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the convention, Ross came down with a stomach ulcer. “So now I have all the attributes of a good organizer, except ability and an organization,” he wrote to Chavez.17 By this time, Chavez had moved with Helen and their eight kids to Delano, a grape-growing town in the San Joaquin Valley, where they eked out an existence on unemployment and whatever wages Helen earned in the fi elds. Th e prospect of launching a farmworker union was daunting, enough to freeze any sensible person in his tracks. So Chavez broke the project into pieces, just as Ross had done when

such behavior as a sign of the whiteness of Armenians and, thus, their eligibility for citizenship.6 The court’s verdict fl ew in the face of the treatment of Armenians in the grape-growing regions of California. In 1930 Stanford researcher Richard Tracy LaPiere conducted a survey of the 474 non-Armenian residents of Fresno County concerning their impressions of Armenians. LaPiere conducted his studies in the tradition of the Chicago School, a research group started by University of Chicago sociologist Robert Park concerned with the attitudes of the dominant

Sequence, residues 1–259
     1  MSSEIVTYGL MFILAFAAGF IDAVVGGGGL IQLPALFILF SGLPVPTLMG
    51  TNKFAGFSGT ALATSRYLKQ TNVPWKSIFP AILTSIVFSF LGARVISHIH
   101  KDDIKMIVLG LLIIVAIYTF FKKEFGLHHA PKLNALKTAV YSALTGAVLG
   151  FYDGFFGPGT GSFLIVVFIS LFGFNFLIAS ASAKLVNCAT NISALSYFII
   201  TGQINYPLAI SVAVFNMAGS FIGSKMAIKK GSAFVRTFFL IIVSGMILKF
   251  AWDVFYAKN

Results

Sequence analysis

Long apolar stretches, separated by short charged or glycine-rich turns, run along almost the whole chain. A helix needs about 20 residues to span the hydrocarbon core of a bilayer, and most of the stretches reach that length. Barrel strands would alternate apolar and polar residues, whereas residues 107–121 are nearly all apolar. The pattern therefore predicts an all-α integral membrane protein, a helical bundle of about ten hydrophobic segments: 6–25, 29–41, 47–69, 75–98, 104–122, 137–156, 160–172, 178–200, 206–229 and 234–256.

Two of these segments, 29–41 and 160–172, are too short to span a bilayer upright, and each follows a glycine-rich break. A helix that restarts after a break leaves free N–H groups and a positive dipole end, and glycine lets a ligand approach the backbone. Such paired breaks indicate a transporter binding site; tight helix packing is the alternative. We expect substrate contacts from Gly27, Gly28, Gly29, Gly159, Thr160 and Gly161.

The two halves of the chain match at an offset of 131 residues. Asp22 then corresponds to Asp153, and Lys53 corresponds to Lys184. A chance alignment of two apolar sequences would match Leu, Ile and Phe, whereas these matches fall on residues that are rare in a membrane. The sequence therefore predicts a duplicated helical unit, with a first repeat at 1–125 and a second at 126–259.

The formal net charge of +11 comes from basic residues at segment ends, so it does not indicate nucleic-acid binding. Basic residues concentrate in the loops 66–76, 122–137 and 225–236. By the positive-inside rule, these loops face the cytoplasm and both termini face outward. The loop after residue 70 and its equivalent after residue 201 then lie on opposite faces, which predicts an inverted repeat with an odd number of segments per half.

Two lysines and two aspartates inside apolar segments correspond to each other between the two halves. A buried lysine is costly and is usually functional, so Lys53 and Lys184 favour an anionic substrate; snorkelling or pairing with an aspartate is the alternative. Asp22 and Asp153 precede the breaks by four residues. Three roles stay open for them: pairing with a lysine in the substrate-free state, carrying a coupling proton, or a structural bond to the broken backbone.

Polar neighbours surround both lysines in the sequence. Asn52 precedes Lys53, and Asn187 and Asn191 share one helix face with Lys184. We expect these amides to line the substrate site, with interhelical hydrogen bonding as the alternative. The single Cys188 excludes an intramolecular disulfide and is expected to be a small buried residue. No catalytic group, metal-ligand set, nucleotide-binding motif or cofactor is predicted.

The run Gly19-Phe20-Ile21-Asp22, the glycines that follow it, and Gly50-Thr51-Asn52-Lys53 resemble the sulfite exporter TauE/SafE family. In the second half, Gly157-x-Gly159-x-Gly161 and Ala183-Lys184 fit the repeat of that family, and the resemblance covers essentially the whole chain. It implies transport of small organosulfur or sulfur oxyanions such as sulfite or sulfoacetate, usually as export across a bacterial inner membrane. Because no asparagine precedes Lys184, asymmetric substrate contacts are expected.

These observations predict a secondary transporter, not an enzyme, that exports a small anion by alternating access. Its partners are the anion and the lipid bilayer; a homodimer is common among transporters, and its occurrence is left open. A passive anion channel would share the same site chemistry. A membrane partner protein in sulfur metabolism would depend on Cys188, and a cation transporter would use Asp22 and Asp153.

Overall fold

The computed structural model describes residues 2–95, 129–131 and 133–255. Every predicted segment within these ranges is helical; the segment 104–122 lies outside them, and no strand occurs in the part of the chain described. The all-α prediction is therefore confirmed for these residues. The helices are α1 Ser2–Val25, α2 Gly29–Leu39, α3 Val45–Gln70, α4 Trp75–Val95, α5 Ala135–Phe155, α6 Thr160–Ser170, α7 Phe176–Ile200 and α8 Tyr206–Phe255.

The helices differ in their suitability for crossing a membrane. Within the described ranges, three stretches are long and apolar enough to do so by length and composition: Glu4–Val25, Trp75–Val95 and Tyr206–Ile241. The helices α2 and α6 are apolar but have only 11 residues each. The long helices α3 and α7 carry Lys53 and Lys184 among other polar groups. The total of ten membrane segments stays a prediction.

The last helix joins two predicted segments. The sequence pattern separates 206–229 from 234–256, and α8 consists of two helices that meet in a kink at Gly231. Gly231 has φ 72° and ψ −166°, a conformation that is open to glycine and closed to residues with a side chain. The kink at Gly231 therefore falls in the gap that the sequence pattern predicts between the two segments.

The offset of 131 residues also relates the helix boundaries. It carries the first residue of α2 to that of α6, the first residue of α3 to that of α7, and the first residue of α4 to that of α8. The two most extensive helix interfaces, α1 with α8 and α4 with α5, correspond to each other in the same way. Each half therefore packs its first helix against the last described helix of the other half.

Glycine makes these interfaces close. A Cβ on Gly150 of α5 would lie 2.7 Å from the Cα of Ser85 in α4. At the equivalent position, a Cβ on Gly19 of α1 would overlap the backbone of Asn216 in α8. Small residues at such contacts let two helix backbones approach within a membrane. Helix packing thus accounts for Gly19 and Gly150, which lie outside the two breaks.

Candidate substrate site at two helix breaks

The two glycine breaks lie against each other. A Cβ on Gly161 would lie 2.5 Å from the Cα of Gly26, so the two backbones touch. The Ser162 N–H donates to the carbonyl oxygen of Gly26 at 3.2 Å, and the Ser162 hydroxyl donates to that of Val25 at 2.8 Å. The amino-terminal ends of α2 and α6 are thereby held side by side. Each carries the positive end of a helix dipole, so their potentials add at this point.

prohibition and the emer- gence of California’s world-renowned wine industry. “We don’t have illegal grape-growing cartels in our national forests,” she answered. “And they don’t take out guns. Th ey take out advertising.” Five days later, the California Field Poll showed Proposition 19 winning by a 49 to 42 percent margin among registered voters. On September 30, a poll by the Public Policy Institute of California put the initiative ahead by 52 percent to 41 percent. It appeared voters were buying in on potentially another transformative California marijuana

they believe it is “the right thing to do” for their family’s and employees’ health and for the sake of generations to come. Some argue further that growing grapes (or producing milk) without chemical inputs enhances the potential for terroir taste in wine (and cheese); “organic growing is the only path of grape growing that leads to optimum quality and expression of the land in wine,” says John Williams, owner of Frog’s Leap Winery in napa valley.25 There is little economic incentive, at the retail end, to craft a naturally aged cheese from organic milk or to